Valve: Steam Machines Won't Be Only Nvidia Hardware

We already figured this would be the case, but Valve Software's Doug Lombardi felt the need to clarify that Steam Machines won't specifically focus on Nvidia GPUs despite the prototypes, but support the three primary graphics vendors of today: AMD, Intel and Nvidia. For PC gamers looking for a pure GeForce screaming machine this holiday season, look no further than Nvidia's Battlebox certification.

"Last week, we posted some technical specs of our first wave of Steam Machine prototypes," said Lombardi. "Although the graphics hardware that we've selected for the first wave of prototypes is a variety of Nvidia cards, that is not an indication that Steam Machines are Nvidia-only."

"In 2014, there will be Steam Machines commercially available with graphics hardware made by AMD, Nvidia, and Intel," he added. "Valve has worked closely together with all three of these companies on optimizing their hardware for SteamOS, and will continue to do so into the foreseeable future."

Nvidia has played a big part in Valve's SteamOS and Steam Machines introduction over the last several weeks. That could be partially due to AMD focusing on revealing its "Hawaii" GPUs and Mantle API during the same timeframe. AMD has also been talking up its unified gaming approach that ties in with the Xbox One and PlayStation 4. Nvidia, on the other hand, has been cashing in on its involvement with the SteamOS development and Valve's prototype "consoles."

Although Xi3 hasn't officially made any announcements, its Piston compact PC slated to ship in late November is supposedly a Steam Machine. The "console" will likely ship with a quad-core AMD R464L "Trinity" 35 watt APU clocked up to 3.2 GHz, 8 GB of RAM, an installed 128 GB SSD, a second SSD connector and two SD card slots. There's speculation that the device will ship with SteamOS installed along with several Linux-based free games.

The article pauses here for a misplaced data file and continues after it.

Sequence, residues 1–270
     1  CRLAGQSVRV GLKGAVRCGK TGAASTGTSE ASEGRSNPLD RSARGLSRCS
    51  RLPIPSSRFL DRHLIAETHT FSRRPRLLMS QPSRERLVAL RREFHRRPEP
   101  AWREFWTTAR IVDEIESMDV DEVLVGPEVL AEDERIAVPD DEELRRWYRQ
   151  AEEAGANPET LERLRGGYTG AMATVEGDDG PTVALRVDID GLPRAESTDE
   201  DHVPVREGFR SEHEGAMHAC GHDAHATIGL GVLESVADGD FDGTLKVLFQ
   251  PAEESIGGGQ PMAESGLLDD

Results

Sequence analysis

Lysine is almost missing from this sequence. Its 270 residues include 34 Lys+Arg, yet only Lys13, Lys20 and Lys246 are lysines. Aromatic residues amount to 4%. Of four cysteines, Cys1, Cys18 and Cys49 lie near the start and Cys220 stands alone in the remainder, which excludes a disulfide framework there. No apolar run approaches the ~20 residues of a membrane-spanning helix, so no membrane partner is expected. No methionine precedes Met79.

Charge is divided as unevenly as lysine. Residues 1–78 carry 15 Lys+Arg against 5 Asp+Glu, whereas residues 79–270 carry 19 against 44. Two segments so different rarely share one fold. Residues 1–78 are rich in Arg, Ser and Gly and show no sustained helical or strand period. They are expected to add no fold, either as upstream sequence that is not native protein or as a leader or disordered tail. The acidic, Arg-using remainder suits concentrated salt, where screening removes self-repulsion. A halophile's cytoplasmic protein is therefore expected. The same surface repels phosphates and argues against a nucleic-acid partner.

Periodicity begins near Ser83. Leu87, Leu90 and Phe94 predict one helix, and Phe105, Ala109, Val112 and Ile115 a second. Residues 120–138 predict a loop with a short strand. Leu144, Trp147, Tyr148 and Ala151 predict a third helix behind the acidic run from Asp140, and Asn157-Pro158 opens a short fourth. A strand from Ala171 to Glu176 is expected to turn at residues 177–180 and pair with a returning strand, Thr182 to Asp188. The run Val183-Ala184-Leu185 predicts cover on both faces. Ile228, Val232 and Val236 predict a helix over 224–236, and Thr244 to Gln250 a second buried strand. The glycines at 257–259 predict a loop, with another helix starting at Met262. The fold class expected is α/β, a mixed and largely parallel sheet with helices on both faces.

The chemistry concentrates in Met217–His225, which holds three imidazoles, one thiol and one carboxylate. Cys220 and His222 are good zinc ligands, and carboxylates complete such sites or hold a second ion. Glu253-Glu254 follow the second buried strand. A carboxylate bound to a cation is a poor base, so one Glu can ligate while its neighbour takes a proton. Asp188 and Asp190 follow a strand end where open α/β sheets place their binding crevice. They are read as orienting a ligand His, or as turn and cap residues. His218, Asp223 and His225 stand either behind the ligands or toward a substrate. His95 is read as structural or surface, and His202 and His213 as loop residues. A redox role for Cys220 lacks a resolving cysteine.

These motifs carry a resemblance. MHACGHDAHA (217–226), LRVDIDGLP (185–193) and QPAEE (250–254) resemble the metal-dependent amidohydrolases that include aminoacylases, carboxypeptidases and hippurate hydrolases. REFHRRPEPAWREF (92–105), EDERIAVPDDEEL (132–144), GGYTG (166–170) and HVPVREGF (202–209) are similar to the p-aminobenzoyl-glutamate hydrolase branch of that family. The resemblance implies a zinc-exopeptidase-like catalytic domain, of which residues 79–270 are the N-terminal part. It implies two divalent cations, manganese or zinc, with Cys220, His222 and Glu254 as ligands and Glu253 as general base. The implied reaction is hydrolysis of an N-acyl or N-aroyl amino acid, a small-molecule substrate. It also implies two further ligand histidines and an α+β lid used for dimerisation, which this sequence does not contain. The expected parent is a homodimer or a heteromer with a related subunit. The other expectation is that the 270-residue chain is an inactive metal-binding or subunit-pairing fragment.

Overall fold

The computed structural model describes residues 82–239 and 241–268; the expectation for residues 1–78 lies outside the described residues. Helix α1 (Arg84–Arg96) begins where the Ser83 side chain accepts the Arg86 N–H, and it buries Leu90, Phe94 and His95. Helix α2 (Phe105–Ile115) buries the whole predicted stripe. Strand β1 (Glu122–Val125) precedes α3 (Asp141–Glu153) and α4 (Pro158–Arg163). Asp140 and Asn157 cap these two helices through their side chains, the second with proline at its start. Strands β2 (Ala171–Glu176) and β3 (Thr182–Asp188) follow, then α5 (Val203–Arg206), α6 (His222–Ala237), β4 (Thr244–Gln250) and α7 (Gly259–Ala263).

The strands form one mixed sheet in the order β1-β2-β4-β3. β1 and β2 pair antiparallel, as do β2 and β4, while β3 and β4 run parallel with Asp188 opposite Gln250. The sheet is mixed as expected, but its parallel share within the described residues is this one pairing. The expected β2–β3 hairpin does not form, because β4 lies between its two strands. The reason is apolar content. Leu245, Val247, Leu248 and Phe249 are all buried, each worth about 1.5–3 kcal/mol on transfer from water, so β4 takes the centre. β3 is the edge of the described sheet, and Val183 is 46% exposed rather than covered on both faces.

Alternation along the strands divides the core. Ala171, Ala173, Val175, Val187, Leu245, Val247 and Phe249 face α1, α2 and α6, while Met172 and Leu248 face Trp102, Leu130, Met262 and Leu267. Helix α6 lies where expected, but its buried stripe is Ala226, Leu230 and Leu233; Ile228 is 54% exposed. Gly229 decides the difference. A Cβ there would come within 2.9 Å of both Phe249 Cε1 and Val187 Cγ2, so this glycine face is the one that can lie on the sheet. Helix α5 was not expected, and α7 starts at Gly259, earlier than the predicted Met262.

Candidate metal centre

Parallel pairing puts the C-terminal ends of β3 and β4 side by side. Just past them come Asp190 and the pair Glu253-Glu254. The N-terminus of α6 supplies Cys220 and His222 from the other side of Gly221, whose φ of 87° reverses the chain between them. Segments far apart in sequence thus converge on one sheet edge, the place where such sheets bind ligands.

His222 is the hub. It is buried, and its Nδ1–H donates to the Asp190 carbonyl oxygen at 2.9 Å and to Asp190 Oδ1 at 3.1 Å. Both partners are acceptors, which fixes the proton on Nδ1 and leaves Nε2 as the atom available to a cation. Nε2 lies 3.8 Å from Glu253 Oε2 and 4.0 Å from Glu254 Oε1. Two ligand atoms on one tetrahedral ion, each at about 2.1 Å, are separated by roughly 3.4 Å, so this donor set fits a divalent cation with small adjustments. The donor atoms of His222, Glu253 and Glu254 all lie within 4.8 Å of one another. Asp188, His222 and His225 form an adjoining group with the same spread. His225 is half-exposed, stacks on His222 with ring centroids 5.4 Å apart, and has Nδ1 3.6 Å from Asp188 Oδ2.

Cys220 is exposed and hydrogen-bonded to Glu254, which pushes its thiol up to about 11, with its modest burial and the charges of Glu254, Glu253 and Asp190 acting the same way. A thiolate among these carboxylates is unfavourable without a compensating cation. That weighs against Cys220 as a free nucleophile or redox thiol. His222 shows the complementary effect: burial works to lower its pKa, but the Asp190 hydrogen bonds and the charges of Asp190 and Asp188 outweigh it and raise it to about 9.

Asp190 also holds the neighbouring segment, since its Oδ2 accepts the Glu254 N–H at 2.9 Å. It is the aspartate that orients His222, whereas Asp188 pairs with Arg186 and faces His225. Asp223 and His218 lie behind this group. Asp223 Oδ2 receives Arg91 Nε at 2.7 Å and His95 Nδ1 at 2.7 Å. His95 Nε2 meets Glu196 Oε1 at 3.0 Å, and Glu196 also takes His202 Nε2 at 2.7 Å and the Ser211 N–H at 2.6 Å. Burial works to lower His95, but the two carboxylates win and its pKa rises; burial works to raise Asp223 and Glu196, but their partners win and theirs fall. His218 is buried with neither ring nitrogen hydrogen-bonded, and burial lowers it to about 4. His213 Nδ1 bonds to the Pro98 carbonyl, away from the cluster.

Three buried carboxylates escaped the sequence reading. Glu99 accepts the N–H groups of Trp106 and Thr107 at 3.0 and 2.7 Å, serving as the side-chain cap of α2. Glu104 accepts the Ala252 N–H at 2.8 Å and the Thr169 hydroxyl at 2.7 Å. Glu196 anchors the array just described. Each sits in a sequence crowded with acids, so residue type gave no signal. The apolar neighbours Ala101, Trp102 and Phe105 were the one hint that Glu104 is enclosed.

By comparison, the 300 Xbox One-sized Steam Machine prototypes will feature either a Nvidia Titan, GTX 780, GTX 760 or GTX 660 GPU. On the CPU front, some boxes will have Intel's Core i7-4770, some with the Core i5-4570, and some with Core i3 processors. Available RAM will be 16 GB DDR3-1600 (CPU) and 3 GB DDR5 (GPU), and storage will be provided by a hybrid SSHD with 1 TB for storage and 8 GB for cache. Power will be handled by an internal 450 watt 80 Plus Gold power supply.

"[T]o be clear, this design is not meant to serve the needs of all of the tens of millions of Steam users. It may, however, be the kind of machine that a significant percentage of Steam users would actually want to purchase -- those who want plenty of performance in a high-end living room package," stated Valve designer Greg "Gregori" Coomer. "Many others would opt for machines that have been more carefully designed to cost less, or to be tiny, or super quiet, and there will be Steam Machines that fit those descriptions."

The prototypes are slated to be released to the 300 beta participants by the end of the month.

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  • back_by_demand
    So far, I can barely contain my indifference. How else can I describe launching overpriced PC hardware to play a seriously reduced Steam game collection. 3...2...1...meh.......
  • Murissokah
    265687 said:
    So far, I can barely contain my indifference. How else can I describe launching overpriced PC hardware to play a seriously reduced Steam game collection. 3...2...1...meh.......

    Mmm, maybe we can look at this in a different way: the largest pc games distributor will now build its own distro of linux and work with all major hardware manufacturers to ensure the platform has broad support of next generation games.
  • L0n3Gr3yW0lf
    I'm more interested in the evolution of Linux (as Steam OS is based upon should bring the Linux Community to better gaming experience in that of more games of AAA kind and not just the free and/or clones of the Windows games). If Steam OS is optimized to work with any type of hardware as they kindly try to say then the type of hardware that are in SteamBox's is of less importance as the opportunity of OpenGL to thrive once more.